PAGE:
It had to be the easiest editing gig of all time; in fact, editor Joe R. Lansdale says so in his introduction to The Horror Hall of Fame: The Stoker Winners. "There wasn't any real editing to do," he writes. "The stories were already chosen by the awards committee, and they were all good."
The awards committee in question is that of the Horror Writers Association, the professional organization of horror writers that chooses the winners of the annual Bram Stoker awards. These awards are bestowed in a variety of categories, from novel to nonfiction to short fiction. It's that last category which is focused on in this collection, a book that has had a surprisingly difficult path to publication.
How difficult? Well, the last represented winner comes from 1996. Lansdale's introduction is copyrighted two years after that, which still makes it 13 years old. These factors might work against some collections, but not this one; the lack of recent work in no way diminishes the intent, which is to curate a handful of important genre works. While stories like Lansdale's own "Night They Missed the Horror Show" and Jack Ketchum's "The Box" have been reprinted numerous times, there are stories like Jack Cady's "The Night We Buried Road Dog" and Thomas Ligotti's "Red Tower" that may not be as familiar to horror fans, and as such are welcome finds.
Of the thirteen stories represented here, George R.R. Martin's "The Pear-Shaped Man" was the most exciting find for me. Martin, best known for his fantasy work, shows he can pull off quiet, creepy horror with the best of them in this tale of a strange, lonely, basement-dwelling man and his suspicious upstairs neighbor. Jessie is a professional illustrator, a woman who makes her living with her imagination, which is one reason her friends and colleagues find it hard to take seriously her mistrust of the gross but seemingly harmless hermit living below her. Her obsession with him grows as he finds his way into her work, her dreams, and maybe even her apartment, until finally her friends force a confrontation with disastrous results.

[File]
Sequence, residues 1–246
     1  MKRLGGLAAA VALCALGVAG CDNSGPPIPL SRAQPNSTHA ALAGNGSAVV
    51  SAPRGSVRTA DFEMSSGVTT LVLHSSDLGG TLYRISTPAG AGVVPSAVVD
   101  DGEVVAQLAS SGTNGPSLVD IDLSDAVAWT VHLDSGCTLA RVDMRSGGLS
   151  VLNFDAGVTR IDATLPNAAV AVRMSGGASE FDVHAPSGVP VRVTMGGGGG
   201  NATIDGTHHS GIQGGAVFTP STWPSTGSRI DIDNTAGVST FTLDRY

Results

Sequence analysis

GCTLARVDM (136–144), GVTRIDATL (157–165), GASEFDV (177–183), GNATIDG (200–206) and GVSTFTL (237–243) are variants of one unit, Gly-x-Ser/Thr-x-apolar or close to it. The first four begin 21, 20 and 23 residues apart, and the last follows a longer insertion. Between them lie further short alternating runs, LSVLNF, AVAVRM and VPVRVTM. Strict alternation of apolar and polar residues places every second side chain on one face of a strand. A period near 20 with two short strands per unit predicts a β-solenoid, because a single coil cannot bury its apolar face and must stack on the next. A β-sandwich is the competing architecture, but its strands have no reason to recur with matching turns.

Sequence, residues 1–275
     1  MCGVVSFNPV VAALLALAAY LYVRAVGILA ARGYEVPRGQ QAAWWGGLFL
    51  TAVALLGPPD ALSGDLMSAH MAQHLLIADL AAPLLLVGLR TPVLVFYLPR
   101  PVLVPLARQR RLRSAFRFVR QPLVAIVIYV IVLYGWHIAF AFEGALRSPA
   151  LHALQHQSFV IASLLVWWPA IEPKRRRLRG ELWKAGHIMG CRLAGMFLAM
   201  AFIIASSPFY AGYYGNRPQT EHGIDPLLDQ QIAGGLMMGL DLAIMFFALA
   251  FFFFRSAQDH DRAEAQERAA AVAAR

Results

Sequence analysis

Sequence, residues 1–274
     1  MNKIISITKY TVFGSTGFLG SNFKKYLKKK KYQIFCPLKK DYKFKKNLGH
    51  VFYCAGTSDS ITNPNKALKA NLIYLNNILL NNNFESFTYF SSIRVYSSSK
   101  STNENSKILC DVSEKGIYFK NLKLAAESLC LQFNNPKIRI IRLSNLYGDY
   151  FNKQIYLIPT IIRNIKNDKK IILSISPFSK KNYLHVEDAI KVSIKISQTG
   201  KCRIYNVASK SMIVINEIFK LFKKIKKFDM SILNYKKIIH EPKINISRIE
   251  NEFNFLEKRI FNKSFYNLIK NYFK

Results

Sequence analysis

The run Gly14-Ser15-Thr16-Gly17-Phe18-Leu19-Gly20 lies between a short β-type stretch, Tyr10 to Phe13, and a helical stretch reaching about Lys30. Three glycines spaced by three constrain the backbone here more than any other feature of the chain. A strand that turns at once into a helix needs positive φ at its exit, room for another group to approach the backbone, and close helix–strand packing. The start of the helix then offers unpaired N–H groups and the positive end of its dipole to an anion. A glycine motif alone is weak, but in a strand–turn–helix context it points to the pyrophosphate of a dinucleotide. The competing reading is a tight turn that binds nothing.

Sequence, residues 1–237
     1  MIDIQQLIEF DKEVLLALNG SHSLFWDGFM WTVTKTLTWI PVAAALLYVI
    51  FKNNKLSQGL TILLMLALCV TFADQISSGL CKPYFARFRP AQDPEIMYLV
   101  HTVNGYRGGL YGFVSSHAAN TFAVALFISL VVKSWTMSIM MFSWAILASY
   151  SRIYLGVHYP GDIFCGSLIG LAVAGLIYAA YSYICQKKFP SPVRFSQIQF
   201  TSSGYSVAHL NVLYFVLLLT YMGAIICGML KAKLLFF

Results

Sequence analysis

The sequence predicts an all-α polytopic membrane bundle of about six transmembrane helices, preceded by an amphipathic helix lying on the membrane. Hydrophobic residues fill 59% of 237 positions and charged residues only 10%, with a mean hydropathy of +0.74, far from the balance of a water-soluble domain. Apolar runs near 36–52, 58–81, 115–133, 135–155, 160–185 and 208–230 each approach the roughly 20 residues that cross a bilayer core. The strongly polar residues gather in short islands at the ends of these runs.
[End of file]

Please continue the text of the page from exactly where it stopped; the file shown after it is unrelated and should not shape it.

Robert Bloch, a shoe-in as a horror hall of famer thanks to Psycho, contributes a surprisingly gory vampire tale set in the hills and shadows of Old Hollywood. His vampires are unlike any you've seen before, grotesque creatures without a hint of romance about them and with a strategy for survival that's as disturbing as it is effective.
The only stumble for this reviewer came with "The Boy Who Came Back from the Dead," a 1987 tale from Alan Rodgers. It's a bittersweet story of a young man who returns home nearly a year after his death. No one can explain it, but no one can deny that he's there, in the flesh. He's returned with his personality intact and without the craving for human flesh that one might expect, but he's haunted by the memory of his time in the ground – and of the alien creatures that brought him back to life. Rodgers' approach just felt a tad too light, and the science fiction elements didn't seem to fit the overall mix.
All in all, despite the tardiness of the collection and the occasional misstep, this is a book that lives up to its ambitious title. Thanks should go to Cemetery Dance for rescuing this book from publication limbo – it's a great way to revisit some classics and discover the more unfamiliar works that deserve to stand shoulder-to-shoulder with them. Highly recommended.
Blu Gilliand is a freelance writer of fiction and nonfiction. He covers horror fiction at his blog, October Country (http://theoctobercountry.wordpress.com), and contributes interviews to the Horror World website (www.horrorworld.org). Follow him on Twitter at @BluGilliand.